An abduction is the taking and carrying away of one person by another through force, fraud, or persuasion. It may involve a ransom demand.
On this type of call, the time lapse between the incident and the call is very important. Police will want to set up a perimeter around the area in an effort to keep any vehicles or victim contained, increasing the chances of finding them. That is why the dispatcher needs to find out how much time has passed since the abduction actually happened. A car traveling at 45 mph can cover 2 ¼ miles in just three minutes, and another three-quarters of a mile every minute after that. In six minutes, the car may be 4 ½ miles away, making it difficult to set up an effective perimeter. The EPD will also ask about weapons and, if possible from information relayed by the caller, make police aware of the type(s) of weapon(s) involved or mentioned.
If police field units are setting up a perimeter, an accurate description of the car is necessary. When obtaining this description, dispatchers should follow the protocol and use the format described by the acronym CYMBALS (color, year, make/model, body style, additional descriptors, license plate, and state/province). This provides a logical, standardized format for receiving and broadcasting information relating to automobile descriptions.
The caller will also be asked to describe the suspect. Age, gender, and accent can help in identifying the suspect, while EPD questions regarding caller demeanor, background noises, and call delivery can provide vital information about the circumstances. If the suspect is known, such as in cases involving parental custody disputes, the EPD will ask the caller to write down essential information, including the suspect’s phone number and address.
In some cases, a suspected abduction may be reported as a past incident. Many of these calls actually turn out to be missing person calls where the reporting party has surmised that the victim must have been abducted when he or she did not return home on time.
When processing these calls, determining the time lapse between the event and the call will dictate the priority of most of the other actions that are taken.
Protocol 123 identifies cases of those who are missing, without reference to age. The protocol also addresses runaways (the act of intentionally leaving without permission) and found persons (any person who has been located).
The PPDS defines a missing person as someone whose location is not known, but there is no evidence that a criminal act has taken place. Evidence of a criminal act indicates a potential kidnapping/abduction. Those who are categorized as “at-risk” missing persons include very young people, the elderly, and persons with physical or mental conditions that impair their ability to care for themselves or to make sound decisions based on circumstances presented to them. These important identifiers are listed in the Key Questions, which also address the possibility that the missing person could be a runaway.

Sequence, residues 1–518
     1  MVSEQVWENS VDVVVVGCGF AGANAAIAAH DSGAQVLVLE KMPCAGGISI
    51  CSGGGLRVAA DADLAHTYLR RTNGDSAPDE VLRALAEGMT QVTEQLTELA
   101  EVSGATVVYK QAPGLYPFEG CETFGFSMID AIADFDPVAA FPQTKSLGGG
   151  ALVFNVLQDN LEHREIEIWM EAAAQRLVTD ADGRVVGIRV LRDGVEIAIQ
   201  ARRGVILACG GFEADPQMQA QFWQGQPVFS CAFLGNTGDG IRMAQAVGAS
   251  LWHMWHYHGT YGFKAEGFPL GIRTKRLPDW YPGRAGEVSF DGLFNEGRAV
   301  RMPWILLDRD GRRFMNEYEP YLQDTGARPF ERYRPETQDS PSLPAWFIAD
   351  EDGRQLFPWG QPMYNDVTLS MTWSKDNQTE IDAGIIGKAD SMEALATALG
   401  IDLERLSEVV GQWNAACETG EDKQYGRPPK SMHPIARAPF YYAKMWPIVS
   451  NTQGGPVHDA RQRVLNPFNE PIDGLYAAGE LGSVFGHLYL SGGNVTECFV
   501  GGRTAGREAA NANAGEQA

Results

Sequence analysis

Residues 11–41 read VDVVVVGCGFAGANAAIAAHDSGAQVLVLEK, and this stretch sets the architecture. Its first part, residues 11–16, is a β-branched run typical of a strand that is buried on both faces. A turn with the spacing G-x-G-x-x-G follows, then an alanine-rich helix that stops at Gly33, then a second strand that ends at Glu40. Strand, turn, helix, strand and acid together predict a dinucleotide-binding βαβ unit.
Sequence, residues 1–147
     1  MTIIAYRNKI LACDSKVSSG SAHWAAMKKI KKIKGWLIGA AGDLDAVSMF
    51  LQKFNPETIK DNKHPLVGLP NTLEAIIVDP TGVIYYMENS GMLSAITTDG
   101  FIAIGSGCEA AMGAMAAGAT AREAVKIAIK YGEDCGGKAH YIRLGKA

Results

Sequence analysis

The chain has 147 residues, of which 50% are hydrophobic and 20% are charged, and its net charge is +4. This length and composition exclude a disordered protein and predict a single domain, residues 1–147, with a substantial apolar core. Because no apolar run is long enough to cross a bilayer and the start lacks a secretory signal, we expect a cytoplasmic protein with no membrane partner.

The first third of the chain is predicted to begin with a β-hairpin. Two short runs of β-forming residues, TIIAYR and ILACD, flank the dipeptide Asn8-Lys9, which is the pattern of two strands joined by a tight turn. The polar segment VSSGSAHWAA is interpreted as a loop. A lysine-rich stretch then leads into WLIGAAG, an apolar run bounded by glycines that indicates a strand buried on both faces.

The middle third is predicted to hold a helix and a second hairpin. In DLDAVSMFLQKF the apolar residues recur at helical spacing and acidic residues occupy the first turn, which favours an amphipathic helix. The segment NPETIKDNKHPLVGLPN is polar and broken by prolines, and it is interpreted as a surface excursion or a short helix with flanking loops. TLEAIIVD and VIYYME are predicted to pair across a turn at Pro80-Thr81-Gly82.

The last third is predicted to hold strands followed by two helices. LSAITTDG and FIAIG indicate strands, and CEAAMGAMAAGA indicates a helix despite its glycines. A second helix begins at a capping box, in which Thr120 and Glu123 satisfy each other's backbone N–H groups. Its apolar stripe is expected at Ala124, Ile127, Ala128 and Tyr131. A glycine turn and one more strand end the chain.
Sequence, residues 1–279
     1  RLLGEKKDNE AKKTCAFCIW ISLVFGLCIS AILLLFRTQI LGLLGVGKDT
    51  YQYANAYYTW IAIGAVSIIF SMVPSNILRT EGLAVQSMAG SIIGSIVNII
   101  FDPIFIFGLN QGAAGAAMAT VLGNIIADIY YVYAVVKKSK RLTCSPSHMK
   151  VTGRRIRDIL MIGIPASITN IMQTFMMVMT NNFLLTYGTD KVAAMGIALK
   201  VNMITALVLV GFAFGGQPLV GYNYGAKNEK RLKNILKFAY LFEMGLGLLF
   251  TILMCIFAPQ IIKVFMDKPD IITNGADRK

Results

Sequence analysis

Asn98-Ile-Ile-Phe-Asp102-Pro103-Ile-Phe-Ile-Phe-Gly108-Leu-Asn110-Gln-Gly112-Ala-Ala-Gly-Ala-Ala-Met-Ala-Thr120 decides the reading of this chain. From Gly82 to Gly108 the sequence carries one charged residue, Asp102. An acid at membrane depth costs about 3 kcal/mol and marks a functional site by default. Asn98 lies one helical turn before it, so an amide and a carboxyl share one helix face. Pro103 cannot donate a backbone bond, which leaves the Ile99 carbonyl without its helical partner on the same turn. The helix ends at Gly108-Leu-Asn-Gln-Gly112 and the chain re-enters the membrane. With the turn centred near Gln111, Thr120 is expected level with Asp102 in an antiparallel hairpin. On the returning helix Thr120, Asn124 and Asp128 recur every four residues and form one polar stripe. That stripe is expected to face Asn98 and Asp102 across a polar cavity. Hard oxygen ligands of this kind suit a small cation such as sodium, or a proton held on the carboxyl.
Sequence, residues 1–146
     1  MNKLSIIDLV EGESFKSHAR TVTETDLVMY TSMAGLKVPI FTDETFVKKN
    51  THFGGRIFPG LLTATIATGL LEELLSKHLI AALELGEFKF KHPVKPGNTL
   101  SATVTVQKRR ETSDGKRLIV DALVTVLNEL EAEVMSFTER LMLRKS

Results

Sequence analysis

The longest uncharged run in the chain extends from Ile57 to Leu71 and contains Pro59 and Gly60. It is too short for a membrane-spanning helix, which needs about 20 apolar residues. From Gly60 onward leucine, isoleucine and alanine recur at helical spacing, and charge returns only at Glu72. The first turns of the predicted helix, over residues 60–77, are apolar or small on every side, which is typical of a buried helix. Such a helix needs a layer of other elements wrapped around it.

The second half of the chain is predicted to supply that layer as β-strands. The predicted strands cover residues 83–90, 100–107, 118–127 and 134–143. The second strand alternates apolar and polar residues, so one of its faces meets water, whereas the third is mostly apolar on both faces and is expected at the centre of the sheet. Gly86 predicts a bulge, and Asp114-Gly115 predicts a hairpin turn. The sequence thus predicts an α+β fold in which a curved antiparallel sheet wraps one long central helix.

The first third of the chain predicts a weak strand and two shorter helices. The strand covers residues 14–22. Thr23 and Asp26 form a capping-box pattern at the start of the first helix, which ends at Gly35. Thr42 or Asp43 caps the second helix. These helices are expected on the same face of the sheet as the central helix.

Found persons are any persons reported to be missing who have been located. Found persons may also be at-risk persons who are noticed by others, even though they have not been reported as missing.
When someone is reported as missing, the chain of events that follows depends on the situation and age of the missing person.
A 3-year-old who has been missing from home for 15 minutes will bring an army of searchers to an area, while a 17-year-old who disappeared after dinner with a suitcase and a $100 bill may be seen as a runaway case. A 70-year-old Alzheimer’s patient who has been missing for an hour from a nursing home will bring an immediate search, while a husband who hasn’t come home from work by 9 p.m. may not generate such an urgent response. Agency policy, procedure, and protocol will dictate the response to each situation.
A found person call may involve a very young person, an elderly person, or a mentally ill person. These can be difficult calls because the person who has been found may not be able to tell the police where he or she belongs. The EPD may need to contact other agencies, such as social service agencies. Recent missing person reports should also be consulted for cross-reference.